Highland said Tuesday it has entered into a definitive agreement to acquire all rights, title and interest in Copperwood.
David Fennell, executive chairman of Highland, told the Daily Globe there is a "world class resource of copper in the Upper Peninsula," and if the resource is properly developed, "it is going to change the economic circumstance of that area.
"This transaction is part of a strategy that Highland has undertaken to consolidate an emerging copper district in the Upper Peninsula," Fennell said.
"The acquisition of Copperwood, in conjunction with our previously announced acquisition of the White Pine Project, and combined with our existing Keweenaw projects, establishes a foundation for an emerging intermediate copper producer," he added.
Closing of the deal is expected by April 30, and the agreement has been approved by both companies' boards of directors.
In November, the Michigan Department of Environmental Quality approved the final major permit for Orvana to begin the Copperwood mine. The wetlands, inland lakes and streams permit was approved after review by state and U.S. Environmental Protection Agency specialists and input received from the public and native American tribes.
Orvana has a local office in Ironwood Township. According to Dave Anderson, director of health, safety, environment and public relations for Copperwood, the status of employees at the office has "yet to be determined."
A press release from Highland said the company will pay Orvana up to $25 million in aggregate, of which $20 million will be paid in cash upon closing and $5 million will be paid in cash or shares of Highland, at Orvana's option, contingent on payment schedules and the price of copper during select periods of time.
Michael Winship, president and CEO of Orvana, said the company has been "pleased" to be a part of the development of Copperwood over the last several years, and believes a "good copper mine will be built" in the U.P.
"Based on a strategic planning review in 2013, Orvana decided that a disposition would allow for greater organic growth at existing operations through the concentrated exploration," Winship said. "In addition, Orvana's balance sheet will be strengthened in this challenging market of metal price volatility."
Fennell said the projects in the U.P. "fit together naturally," and work is already being done to get the most out of the Copperwood Project.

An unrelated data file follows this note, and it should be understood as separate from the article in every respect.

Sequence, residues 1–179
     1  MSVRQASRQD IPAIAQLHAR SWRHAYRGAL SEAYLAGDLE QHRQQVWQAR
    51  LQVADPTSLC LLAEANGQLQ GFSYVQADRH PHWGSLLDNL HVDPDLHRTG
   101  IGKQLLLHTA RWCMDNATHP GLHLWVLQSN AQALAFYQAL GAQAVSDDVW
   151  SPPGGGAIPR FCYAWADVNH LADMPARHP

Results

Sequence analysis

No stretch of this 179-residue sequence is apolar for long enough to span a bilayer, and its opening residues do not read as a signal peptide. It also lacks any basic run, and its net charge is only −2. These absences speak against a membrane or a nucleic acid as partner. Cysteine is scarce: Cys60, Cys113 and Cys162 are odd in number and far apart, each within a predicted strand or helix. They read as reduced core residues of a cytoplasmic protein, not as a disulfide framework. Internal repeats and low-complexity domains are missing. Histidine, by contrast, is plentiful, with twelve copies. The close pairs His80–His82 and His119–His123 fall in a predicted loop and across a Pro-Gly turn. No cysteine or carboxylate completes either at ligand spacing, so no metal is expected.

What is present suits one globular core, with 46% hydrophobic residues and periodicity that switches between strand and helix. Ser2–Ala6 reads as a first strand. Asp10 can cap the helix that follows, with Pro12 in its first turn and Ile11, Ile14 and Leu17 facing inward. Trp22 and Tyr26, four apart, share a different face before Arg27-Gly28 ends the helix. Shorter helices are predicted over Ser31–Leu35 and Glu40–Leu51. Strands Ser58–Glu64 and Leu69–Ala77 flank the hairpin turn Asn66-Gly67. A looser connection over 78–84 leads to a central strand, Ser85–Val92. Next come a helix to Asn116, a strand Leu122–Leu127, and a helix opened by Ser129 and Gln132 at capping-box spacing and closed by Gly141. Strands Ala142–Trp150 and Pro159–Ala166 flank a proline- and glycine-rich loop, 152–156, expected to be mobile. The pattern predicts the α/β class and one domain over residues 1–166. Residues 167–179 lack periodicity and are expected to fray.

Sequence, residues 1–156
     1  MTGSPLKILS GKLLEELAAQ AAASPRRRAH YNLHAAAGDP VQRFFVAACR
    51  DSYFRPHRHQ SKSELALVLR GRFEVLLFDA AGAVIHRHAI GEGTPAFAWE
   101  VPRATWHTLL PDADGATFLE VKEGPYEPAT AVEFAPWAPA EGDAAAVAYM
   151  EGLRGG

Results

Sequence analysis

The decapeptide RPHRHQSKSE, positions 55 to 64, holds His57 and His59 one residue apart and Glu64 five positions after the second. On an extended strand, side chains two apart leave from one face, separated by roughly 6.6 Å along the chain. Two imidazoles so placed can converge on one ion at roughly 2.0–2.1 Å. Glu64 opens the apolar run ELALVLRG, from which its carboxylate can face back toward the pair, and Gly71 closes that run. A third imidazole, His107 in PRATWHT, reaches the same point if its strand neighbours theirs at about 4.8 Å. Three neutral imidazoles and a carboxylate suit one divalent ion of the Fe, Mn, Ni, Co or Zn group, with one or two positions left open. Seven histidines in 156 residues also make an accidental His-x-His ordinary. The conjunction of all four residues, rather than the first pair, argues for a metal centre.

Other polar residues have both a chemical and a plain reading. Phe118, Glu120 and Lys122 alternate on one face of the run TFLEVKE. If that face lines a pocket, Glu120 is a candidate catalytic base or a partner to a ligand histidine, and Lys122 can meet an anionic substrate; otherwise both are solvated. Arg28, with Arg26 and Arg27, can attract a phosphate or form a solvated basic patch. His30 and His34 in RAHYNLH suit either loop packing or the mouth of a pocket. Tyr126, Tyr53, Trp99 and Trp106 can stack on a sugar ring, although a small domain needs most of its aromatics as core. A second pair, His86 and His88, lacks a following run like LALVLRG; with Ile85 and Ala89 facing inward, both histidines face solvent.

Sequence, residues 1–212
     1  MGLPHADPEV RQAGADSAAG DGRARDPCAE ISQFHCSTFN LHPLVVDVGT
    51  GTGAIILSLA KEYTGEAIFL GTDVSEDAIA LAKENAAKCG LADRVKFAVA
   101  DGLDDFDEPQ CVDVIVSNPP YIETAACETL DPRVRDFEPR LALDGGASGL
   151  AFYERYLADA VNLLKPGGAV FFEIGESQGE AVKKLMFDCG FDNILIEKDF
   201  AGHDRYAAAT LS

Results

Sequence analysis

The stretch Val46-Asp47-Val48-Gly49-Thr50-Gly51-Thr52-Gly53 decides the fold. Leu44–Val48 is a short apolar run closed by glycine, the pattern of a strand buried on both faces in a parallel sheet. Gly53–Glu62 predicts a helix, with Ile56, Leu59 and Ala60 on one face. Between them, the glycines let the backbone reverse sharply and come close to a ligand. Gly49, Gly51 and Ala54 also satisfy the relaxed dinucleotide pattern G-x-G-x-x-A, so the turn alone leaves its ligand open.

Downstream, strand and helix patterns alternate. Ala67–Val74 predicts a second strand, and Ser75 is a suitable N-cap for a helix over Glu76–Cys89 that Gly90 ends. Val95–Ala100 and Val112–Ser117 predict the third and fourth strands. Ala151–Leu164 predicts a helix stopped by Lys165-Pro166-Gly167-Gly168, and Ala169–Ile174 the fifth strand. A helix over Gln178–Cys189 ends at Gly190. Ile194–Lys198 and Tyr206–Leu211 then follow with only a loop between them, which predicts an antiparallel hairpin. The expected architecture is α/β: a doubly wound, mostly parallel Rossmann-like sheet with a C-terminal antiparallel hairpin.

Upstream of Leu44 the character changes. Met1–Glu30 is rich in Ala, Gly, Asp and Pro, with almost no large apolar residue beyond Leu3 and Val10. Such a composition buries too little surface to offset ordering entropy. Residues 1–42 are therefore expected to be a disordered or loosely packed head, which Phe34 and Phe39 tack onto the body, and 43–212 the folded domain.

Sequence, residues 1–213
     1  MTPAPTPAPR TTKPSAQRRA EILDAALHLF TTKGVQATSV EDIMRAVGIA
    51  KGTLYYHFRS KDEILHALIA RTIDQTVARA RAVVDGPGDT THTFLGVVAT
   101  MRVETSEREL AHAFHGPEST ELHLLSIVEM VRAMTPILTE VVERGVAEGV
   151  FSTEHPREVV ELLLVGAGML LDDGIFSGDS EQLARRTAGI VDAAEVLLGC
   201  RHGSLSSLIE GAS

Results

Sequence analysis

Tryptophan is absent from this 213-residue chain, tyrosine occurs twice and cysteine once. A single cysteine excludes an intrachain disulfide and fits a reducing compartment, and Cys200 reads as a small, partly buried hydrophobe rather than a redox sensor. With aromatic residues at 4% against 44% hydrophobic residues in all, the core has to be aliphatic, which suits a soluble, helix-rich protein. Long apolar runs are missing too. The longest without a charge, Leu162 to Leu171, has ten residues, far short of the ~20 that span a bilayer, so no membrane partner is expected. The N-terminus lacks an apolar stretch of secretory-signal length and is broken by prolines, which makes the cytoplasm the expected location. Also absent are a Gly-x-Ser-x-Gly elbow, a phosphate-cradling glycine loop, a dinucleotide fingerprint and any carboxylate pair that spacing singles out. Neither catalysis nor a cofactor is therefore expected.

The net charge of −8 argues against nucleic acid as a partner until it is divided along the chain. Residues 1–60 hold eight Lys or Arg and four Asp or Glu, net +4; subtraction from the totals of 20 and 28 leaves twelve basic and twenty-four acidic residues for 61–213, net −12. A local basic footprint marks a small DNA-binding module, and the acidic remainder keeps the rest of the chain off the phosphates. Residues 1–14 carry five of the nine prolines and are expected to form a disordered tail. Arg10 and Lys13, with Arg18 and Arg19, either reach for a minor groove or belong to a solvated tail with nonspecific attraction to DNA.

"Engineers are focusing on how they can create the best project that works best for everybody," Fennell said. "They are just embarking on that process."
For Anderson, it's about the community.
"Everything that has come to pass to the point we're at today is specifically because of the strong community support," Anderson said. "We would not be where we are today, if it wasn't for the community support."
Earlier this winter at a meeting at Gogebic Community College, Ross Grunwald, vice-president of exploration for Highland Copper, spoke about company plans for the former White Pine mine.
The Copperwood project was also shown on Highland's maps at the college.
Highland Copper also drilled for ore in the Bald Mountain area, north of Ironwood, last summer. Bald Mountain was listed as a potential mining area.
Grunwald said there's potential for more ore body discoveries in other locations in the western Upper Peninsula, as well.
He said the two-and-a-half-year-old Highland Copper, through its wholly-owned subsidiary, Keweenaw Copper Company, has 21 full-time employees.
At White Pine, mining would be northeast of the previously mined area.
The last mining at White Pine was in 1994.
Grunwald told the audience at GCC that Highland Copper doesn't currently operate any mines. He said the company could possibly develop a mine for another company or operate it on its own.
The company raised an additional $25 million to purchase the former White Pine mine and Grunwald said, "We're here for the long-term. We want to put as many U.P. residents to work as possible."